“Well, like, here on the Hill, of course I’ll still play. But I’m just… I don’t know….”
Derek wanted to press the issue—to ask Vijay why. He just couldn’t understand.
Vijay had improved greatly over his years in Little League. He’d started as a complete novice and had wound up being an asset to the team. But he’d never been one of the better players. And while many of the kids had started their growth spurts already, Vijay hadn’t grown much at all the past year or so. He still looked for all the world like a fifth grader.
“Remember that kid last spring, who got his arm broken by a fastball?” Vijay reminded Derek.
Derek nodded. “He wasn’t on our team, but we all signed his cast anyway.”
“I’ll bet he’s not playing ball anymore either. I wouldn’t want to get hit like that. Some of the pitchers are six feet tall!”
It suddenly hit Derek that Vijay was really quitting the game. “Gee,” he said, feeling suddenly emotional. “It won’t be the same without you.”
“You’ll do fine,” Vijay assured him. “You’ve got what it takes, Derek. You always have, and you keep getting better every year. I’ve kind of hit my ceiling, if you know what I mean.”
Derek wanted to argue with him further, but Vijay preempted him. “Anyway, don’t feel bad on my account. I’ve got a new passion.”
“Oh yeah? What?”
“Are you ready?” Vijay asked, as if he were about to reveal the secret of the universe. Spreading his hands out and smiling blissfully, he said, “Video games!”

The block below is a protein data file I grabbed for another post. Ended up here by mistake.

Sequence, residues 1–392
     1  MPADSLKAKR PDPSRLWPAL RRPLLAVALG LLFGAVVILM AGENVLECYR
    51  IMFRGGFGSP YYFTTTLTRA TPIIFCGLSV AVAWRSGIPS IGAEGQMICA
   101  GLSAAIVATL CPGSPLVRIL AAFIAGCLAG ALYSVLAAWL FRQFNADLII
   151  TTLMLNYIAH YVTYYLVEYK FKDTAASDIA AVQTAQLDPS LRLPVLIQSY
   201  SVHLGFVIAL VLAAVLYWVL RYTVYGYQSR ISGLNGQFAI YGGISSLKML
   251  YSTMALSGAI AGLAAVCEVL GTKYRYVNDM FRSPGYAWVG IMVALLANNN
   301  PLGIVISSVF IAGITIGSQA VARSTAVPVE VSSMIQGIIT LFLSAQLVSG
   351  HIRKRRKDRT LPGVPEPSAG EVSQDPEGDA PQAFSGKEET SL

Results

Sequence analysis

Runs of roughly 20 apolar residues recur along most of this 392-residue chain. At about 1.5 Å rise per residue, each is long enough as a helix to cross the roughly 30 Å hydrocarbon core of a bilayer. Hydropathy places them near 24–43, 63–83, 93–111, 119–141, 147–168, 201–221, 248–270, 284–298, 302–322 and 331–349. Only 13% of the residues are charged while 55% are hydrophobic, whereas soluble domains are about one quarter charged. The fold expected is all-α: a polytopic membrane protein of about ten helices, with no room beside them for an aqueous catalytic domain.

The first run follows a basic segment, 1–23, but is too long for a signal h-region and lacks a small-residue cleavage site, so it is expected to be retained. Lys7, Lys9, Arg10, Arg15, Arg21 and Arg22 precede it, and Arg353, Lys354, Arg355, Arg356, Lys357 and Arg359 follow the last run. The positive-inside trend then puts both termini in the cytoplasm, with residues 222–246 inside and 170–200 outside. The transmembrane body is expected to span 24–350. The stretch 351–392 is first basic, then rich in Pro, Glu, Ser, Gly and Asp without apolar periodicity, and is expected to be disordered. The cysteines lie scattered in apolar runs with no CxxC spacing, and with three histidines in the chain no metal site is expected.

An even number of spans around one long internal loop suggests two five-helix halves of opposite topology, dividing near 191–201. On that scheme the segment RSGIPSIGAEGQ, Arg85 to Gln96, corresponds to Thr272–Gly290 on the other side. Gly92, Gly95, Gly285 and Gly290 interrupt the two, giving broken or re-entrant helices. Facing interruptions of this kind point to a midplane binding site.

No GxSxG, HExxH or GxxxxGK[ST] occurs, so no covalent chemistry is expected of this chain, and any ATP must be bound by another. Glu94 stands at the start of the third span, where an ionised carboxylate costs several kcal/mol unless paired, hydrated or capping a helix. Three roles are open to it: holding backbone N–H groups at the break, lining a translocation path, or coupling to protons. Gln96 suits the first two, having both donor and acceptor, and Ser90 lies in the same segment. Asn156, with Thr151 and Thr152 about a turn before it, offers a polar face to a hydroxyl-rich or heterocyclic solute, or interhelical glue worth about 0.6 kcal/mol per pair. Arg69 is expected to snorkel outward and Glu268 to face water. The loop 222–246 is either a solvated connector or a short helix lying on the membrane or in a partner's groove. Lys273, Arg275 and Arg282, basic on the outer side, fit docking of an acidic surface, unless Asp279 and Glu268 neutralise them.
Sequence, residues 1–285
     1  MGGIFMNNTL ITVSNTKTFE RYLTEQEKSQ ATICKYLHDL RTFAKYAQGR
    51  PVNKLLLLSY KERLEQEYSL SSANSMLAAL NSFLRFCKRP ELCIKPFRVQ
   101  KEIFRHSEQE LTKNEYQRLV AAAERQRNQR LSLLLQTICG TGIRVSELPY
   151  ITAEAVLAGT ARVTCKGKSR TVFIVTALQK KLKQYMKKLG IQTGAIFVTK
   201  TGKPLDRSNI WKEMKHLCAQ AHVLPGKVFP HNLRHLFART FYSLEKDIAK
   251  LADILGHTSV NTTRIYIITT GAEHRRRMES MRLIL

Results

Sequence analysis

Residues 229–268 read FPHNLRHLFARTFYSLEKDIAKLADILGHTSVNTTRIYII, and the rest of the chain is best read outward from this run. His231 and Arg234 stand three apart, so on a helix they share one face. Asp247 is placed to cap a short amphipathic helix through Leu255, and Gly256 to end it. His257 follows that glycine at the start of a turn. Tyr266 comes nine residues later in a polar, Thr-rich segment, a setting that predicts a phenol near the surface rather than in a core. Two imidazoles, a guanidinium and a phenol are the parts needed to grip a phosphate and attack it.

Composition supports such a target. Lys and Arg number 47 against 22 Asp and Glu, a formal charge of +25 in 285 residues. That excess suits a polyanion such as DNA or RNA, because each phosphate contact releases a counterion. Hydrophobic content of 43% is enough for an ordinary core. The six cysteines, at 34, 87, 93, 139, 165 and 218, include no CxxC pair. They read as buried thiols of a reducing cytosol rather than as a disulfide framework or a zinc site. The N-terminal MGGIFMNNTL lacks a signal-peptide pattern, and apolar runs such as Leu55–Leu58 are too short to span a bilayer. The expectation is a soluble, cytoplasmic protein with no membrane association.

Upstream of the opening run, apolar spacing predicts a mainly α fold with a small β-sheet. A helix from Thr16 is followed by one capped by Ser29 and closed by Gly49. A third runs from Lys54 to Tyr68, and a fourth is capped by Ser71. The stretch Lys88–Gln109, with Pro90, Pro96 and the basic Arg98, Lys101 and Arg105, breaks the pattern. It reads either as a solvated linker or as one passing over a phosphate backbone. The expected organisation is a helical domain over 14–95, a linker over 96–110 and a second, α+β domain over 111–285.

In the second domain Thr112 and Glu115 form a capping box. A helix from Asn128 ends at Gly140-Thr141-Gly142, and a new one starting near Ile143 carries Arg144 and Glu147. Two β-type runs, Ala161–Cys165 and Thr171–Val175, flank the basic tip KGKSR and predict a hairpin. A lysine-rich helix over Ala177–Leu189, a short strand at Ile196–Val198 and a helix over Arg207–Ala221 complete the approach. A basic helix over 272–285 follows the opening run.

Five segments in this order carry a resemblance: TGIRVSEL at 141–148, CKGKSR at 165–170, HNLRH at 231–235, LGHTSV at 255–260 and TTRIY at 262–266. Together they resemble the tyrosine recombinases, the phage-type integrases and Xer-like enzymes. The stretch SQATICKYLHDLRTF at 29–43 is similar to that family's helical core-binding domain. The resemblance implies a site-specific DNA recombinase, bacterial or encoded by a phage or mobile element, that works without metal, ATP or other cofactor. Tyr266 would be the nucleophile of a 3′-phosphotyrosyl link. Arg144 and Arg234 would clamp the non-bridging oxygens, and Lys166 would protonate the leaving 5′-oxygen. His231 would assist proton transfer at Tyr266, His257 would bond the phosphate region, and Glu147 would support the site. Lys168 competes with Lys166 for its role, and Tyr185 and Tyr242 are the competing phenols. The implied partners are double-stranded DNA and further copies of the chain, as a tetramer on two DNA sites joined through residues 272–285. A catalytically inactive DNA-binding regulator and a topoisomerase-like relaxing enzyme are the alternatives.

“Video games?” Derek repeated, confused.
“Derek, it’s a whole new world. No, a whole new universe. Wait till you try them.”
“I’ve tried them,” Derek said. “A couple of times. I think it was over at Jeff Jacobson’s house. Super Something Brothers…. It was pretty fun.”
“Super MARIO Brothers,” Vijay corrected him. “And now I have my own game console at home.”
“My parents got it for me for my birthday, right before we left for India. I took it with me, and I was playing it half the time there. My parents even yelled at me because I was ignoring my cousins to play it. But, Derek, you can’t believe how much fun it is!”
“Well, next time I’m over at your house…”
“Totally. And guess what? Now there’s actually a real video game store in town, where you can go and play all these games on gigantic screens, and you can win tickets to redeem for prizes, and you can blow your entire allowance in one afternoon of supreme ecstasy!”
Derek had to laugh. He knew Vijay was joking, but he also knew that his friend meant every word. Vijay had already probably blown an insane amount of chore money at the new arcade.
Derek had seen the place from the outside—it was right across the street from the batting cages—but he’d never been inside. He couldn’t imagine having time for video games.
After playing catch with Vijay, Derek walked home feeling dejected. He’d been so excited about playing in two leagues, one with old friends and the other with new ones. But without his best pal, Little League baseball wouldn’t be what he had envisioned.
Last fall he’d worn himself out playing basketball and baseball at the same time. In fact, he’d wound up getting hurt and missing substantial chunks of the season.
Maybe I should just do travel team, he thought. Multiple games a week for the next two months was a lot, for sure. And travel back and forth ate up a lot of time too.
On the other hand, the more baseball he played, the better he would get—right? Derek was confident he could handle it, and also get his schoolwork done.
But it just wouldn’t be the same without Vijay.